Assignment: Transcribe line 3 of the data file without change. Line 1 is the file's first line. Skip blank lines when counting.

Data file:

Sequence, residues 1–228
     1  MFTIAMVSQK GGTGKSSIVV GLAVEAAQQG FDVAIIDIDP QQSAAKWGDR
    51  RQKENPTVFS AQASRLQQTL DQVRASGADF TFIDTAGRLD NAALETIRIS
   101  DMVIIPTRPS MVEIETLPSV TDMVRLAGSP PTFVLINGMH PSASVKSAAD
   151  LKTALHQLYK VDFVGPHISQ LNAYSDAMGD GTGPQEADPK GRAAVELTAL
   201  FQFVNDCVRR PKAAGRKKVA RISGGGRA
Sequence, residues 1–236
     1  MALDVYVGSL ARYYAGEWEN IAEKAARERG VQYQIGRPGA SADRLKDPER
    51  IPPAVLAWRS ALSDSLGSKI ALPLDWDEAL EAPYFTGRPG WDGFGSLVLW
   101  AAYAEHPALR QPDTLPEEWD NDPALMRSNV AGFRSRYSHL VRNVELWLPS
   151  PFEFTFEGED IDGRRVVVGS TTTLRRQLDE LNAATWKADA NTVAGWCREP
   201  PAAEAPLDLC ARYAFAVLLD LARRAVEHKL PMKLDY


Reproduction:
    51  RQKENPTVFS AQASRLQQTL DQVRASGADF TFIDTAGRLD NAALETIRIS